Hon. Hamat N.K Bah, minister of Tourism and Culture has disclosed that the National Fund for Arts and Culture (NAFAC) is set to be operationalised. This, he said is meant to support artistic and cultural programmes of the country including festivals, publication of books and historical research, among others.
The Tourism and Culture minister made this disclosure on Wednesday, 27th May 2020 during a virtual forum of the African Union Ministers responsible for Arts, Culture and Heritage on their responses to the COVID-19 pandemic.
Organised by the Department of Social Affairs of the African Union Commission, the forum brought together ministers in charge of Arts, Culture and Heritage from AU-Member States, Pan African Cultural Organisations, Regional Economic Communities, UN Organisations, and officials from AU Commission. It is aimed to enable stakeholders discuss urgent actions to support the arts, culture and heritage sector in Africa, in line with the AU Continental Strategy in Response to COVID-19 Pandemic.
Further in his remarks, Minister Bah explained that already the legal framework for the NAFAC is in place in the NCAC Act, 2003. This Fund, he said, will be run by a congress comprising Gambian artists, arts administrators and National Assembly Select Committee.
He informed the meeting that since the change in Government in 2017, all sectors of the arts-literature, fine arts, festivals, drama, film, dance, photography- have seen a big boost in terms of participation and even investment in terms of printing shops, studios, record labels among others. According to him, the rise in private broadcasting has supported this boost, likewise the legal framework such as the Copyright Act and Regulations, which protect the artistic works of Gambians. “It is the youth who are now heavily involved in the creative sector as a conduit for self employment. Therefore, this sector is critical to the national development paradigm of National Development Plan 2018-2021,” he noted.
COVID-19 and its impact on the sector
The minister further told the meeting that in early March 2020, The Gambia Government declared a State of Health Emergency in response to the COVID-19 pandemic, which has hit The Gambia just as it has hit the rest of the world. He said the culture and creative industries have in enormous ways been negatively affected by this state of affairs. “The closing of performances, venues, galleries, studios, museums, including our UNESCO World Heritage Sites and bookshops meant a loss of revenue to the sector. Festivals have been postponed, artist events cancelled and artistic mobility banned, which means a loss of heavy revenue including foreign exchange, and moral to the sector and investments in the arts sector such as in instruments for hire, studio gadgets, and technicians have been severely affected,” he stated.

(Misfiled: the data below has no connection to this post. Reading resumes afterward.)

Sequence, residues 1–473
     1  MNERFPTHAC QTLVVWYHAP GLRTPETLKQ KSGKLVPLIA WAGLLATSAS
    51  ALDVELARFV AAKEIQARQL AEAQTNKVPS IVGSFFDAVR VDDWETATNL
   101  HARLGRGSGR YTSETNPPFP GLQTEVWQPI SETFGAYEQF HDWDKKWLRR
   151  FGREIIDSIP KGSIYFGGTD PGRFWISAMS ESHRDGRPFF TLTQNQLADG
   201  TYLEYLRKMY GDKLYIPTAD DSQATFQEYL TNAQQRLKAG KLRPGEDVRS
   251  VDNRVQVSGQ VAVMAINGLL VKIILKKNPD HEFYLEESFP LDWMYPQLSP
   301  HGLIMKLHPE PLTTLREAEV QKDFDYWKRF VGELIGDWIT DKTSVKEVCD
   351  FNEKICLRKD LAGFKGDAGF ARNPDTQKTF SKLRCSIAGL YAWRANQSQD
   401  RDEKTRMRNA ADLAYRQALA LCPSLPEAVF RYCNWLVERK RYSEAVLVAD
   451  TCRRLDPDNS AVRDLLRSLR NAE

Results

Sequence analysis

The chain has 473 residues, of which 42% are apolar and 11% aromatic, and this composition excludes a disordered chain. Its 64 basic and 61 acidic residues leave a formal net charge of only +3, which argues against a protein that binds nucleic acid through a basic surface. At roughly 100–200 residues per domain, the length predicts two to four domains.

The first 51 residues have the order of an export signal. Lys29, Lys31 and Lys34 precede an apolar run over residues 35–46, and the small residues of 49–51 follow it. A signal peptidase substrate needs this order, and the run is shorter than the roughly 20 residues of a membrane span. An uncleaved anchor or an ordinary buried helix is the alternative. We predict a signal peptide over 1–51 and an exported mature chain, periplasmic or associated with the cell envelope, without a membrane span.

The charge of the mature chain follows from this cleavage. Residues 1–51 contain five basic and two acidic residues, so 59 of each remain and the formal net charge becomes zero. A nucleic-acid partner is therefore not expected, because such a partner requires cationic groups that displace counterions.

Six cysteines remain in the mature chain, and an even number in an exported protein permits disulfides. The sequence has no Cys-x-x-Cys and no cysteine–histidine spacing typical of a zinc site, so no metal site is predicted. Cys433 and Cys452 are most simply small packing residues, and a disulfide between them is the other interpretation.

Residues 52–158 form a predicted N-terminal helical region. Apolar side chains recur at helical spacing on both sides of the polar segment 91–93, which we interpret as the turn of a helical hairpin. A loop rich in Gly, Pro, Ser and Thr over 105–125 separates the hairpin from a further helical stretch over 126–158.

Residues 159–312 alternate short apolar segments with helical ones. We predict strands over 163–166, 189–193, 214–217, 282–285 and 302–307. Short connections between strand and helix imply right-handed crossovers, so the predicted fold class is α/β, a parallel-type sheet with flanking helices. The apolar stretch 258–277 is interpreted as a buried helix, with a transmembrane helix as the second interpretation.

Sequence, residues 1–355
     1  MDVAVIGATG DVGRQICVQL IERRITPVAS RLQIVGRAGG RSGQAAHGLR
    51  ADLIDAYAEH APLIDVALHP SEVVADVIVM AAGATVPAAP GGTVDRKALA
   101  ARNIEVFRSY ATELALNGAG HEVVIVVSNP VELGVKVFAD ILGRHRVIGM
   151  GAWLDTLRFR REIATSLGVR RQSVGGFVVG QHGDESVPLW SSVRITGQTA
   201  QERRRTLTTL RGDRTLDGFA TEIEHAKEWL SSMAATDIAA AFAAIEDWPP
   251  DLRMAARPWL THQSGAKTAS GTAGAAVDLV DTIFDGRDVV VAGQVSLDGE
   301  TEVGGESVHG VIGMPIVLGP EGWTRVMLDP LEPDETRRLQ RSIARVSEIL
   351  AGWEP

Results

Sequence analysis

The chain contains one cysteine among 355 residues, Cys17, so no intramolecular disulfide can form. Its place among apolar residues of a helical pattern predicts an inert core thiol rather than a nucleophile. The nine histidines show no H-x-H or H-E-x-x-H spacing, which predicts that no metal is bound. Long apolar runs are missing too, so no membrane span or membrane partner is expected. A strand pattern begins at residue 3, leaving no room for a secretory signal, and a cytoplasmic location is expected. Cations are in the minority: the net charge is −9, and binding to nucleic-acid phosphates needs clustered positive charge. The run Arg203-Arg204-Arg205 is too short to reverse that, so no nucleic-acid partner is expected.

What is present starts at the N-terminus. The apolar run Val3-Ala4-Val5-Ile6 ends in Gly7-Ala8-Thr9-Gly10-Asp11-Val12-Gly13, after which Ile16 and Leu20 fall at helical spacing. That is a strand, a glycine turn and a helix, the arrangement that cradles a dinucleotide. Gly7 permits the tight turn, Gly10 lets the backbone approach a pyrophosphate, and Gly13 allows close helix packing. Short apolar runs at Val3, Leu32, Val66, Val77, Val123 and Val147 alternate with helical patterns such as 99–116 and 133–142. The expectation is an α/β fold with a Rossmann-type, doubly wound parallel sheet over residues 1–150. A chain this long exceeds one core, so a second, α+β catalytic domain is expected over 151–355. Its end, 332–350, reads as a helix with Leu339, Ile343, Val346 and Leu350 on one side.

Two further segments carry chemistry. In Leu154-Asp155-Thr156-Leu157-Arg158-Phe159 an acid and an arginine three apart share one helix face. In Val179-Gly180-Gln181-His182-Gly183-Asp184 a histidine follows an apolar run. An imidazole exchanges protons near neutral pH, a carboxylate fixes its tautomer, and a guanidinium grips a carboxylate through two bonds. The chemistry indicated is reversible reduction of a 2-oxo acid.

COVID-19 Responses by Gambia Government
The Tourism minister reported that through the UNESCO Resiliart Project, The Gambia Government has mobilised Gambian artists and cultural players and administrators to dialogue on the impact of the pandemic on their work and chart a way forward. “On May 6 and 7 Gambian artists dialogued via teleconferencing with UNESCO officials and Gambian officials. A post Covid-19 framework for the arts sector is envisaged to come out of this dialogue,” he noted.
He added that The Gambia Government through The National Centre for Arts and Culture (NCAC), has contacted The Gambia Chamber of Commerce and Industry to recommend that they extend their COVID-19 Social Support to artists and cultural players who are adversely affected.
Therefore, he went on, the Ministry of Tourism and Culture has developed a project proposal for COVID-19 response for the arts and tourism sector. This, he said, has been submitted by the Ministry to relevant authorities. “This envisages a rescue plan for small business in the arts and heritage sector in terms of soft loans and grants”.
He told the meeting that other post-COVID-19 measures are: to strengthen the Copyright royalties mechanism so that their radio stations, hotels, taxis, can pay for music and other artistic materials they use; establish an arts training institute to build capacity and entrepreneurship; and strengthen the various artistic associations such as Writers Association and Music Union to give Gambian artists autonomy and agency.
“Finally, it is our firm belief that the arts and culture sector will rebound post-COVID-19. This pandemic will afford us opportunity to put more emphasis on the arts and heritage sector, and to make it more responsive to our development aspirations. In this regard, we will continue to count on the support of the AU and all our friendly nations and people.” he concluded.
By: Mariatou Ngum
Information Officer, MOTC